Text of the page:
• Claudia
        Claudia says:

        I fully agree with Robyn. Number of people on the planet is equally as important as consumption patterns (Impact on the planet = number of people x per capita consumption). At the end of the day, even if every single person was an environmental angel, we still can’t keep growing our numbers indefinitely. Also, the many people that live in poorer countries understandably aspire to a better lifestyle, and that generally means higher consumption when they do achieve a higher living standard.
        But anyway, it’s good to do what we can, so thanks Lindsay, for putting so many different ideas out there, it is inspirational!

        Reply
        • Lindsay (Treading My Own Path)
          Lindsay (Treading My Own Path) says:

          Hi Claudia! Oh I’m not arguing with the facts, yes of c ourse you are right – more people means more strain on the planet. But the carbon footprint of a person isn’t equal throughout the world. For example, the average carbon footprint in 2018 for a person in Australia was 16.8 metric tons per person (16.1 in the USA and 5.6 in he UK) – versus 0.3 metric tons or less in Afghanistan, Burkina Faso, Central African Republic, Chad, Haiti, Madagascar, Mali (this isn’t an exhaustive list).

          What this means is that in one day, people in Australia and the US create more carbon emissions than residents of those countries will do in a year.

          So people in more economically developed countries (especially the USA and Australia) having less children means less carbon emissions, but a lot of these carbon emissions are related to infrastructure and other things rather than an individual leaving the light on all night. In fact there was a study that found that a homeless American eating in soup kitchens and sleeping in homeless shelters would still have a carbon footprint of 8.5 metric tons. That’s the ‘floor’ below which nobody in the US can reach.

          On the other hand an average family in a country with 0.3 per person could have 26 children (and two parents) and still create less carbon emissions than a homeless person in the US.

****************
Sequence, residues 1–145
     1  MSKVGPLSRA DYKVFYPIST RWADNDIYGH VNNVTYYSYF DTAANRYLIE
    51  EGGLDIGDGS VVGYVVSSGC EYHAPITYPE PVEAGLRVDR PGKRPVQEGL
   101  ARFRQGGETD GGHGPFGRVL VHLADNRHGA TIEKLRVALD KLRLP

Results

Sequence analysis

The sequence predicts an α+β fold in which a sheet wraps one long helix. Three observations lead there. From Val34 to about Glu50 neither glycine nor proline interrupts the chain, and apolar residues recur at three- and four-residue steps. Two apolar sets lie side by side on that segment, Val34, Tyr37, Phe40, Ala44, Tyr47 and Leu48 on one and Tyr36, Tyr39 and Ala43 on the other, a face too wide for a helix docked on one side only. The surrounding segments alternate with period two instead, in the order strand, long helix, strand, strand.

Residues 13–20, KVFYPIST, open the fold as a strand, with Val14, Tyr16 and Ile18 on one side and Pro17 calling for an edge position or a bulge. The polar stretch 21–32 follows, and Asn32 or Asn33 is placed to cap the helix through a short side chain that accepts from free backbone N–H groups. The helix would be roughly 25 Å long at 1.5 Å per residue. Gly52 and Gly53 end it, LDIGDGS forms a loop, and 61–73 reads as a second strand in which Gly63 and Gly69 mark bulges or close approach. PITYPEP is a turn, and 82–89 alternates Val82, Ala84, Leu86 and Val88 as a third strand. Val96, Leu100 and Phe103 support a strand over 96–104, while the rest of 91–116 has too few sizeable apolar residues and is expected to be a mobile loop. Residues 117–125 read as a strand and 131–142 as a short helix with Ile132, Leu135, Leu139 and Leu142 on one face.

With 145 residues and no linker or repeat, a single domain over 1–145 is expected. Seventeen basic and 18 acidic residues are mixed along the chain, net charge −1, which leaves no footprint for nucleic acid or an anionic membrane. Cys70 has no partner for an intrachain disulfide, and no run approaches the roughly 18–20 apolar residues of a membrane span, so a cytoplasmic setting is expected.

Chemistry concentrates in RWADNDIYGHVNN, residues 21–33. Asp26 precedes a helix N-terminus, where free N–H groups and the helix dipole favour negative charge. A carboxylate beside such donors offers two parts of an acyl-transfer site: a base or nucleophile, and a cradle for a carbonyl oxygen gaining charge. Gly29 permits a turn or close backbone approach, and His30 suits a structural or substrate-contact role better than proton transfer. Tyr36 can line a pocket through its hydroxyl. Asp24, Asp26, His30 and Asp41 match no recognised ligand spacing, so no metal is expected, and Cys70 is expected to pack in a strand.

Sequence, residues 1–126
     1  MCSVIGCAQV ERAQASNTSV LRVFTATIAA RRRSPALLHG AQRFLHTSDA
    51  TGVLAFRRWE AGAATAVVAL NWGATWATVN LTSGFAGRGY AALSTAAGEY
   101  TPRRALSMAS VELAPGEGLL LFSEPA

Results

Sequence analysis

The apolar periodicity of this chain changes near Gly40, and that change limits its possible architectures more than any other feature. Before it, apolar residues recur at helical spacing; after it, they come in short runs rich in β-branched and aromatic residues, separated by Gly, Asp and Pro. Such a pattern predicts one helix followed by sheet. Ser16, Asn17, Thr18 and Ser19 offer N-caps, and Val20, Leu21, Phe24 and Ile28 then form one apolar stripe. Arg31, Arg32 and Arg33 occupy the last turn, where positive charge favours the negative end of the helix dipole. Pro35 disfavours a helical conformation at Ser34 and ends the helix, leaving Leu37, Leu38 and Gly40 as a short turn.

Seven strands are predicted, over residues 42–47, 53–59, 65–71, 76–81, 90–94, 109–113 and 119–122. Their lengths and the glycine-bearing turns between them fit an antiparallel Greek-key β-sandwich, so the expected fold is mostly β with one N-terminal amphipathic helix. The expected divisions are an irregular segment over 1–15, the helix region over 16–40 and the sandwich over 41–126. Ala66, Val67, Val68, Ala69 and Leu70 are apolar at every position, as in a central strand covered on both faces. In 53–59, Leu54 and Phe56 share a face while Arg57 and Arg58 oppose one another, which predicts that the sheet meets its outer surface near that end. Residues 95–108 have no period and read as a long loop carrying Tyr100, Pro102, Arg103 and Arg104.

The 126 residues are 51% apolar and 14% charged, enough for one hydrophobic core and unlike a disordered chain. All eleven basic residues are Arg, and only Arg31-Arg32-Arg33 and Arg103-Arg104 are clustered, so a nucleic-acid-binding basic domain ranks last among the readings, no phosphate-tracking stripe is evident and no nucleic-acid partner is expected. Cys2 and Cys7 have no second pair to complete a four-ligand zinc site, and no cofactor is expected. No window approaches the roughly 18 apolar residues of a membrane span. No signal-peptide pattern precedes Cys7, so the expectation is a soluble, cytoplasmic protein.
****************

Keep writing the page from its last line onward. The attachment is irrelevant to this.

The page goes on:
My personal conclusions from this is that it isn’t fair to blame poorer countries with higher birth rates because they are still contributing less than those of us in developed countries, and that we need to call on governments and companies to do more because you are exactly right – individual action will never get us that low.

          I really must write a full blog post on this sometimes because I think it is such an interesting topic!

          Reply
  3. Fiona Gorinas
    Fiona Gorinas says:

    Hi Lindsay, my biggest dilemma is how do we have these ‘conversations’ at work, with friends or family without sounding preachy, and judgemental? The few times I have tried in any case it seems to have had no effect anyway. How do you approach this? I find it the most difficult thing to negotiate.

    Reply
    • Sarah R
      Sarah R says:

      Hi Fiona, I hope I can help here. I have been a Climate for Change Facilitator and have conversations with people all the time on Climate Change, whatever their level of understanding or acceptance.
      The best way I have found is to lead by example by taking action (join a rally, write to your MP, divesting your bank/super/insurance from fossil fuels, donating to charities that advocate/take climate action).
      Let people know what you’ve done and tell people why you have chosen to do something (because I am concerned/see this as a good action to take).
      Be proud of what you do, own it. Sharing your learning’s with others will help you and them.
      If confident ask people to join you (if on social media, share a link to where you have got your information/divested/donated). You don’t know until you ask – I learnt from fundraising for climate action many do want to support but I wouldn’t have known if I didn’t ask. A couple just said no and I respect that too).
      People who are interested or confronted may ask questions and you can delve deeper then, but not using terms such as “you should” etc.
      I have had many people in my life say they respect what I do (sustainability in work/life/play), they have changed something because they’ve seen me do it or I’ve shared information on it.